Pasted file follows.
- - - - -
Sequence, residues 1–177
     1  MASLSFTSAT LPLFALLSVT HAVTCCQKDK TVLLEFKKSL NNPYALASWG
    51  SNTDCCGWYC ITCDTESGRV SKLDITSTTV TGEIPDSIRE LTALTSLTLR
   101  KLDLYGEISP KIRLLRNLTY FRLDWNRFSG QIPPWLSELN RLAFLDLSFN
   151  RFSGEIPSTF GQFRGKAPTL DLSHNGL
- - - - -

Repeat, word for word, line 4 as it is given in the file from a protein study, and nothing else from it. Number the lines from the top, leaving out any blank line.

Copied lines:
   101  KLDLYGEISP KIRLLRNLTY FRLDWNRFSG QIPPWLSELN RLAFLDLSFN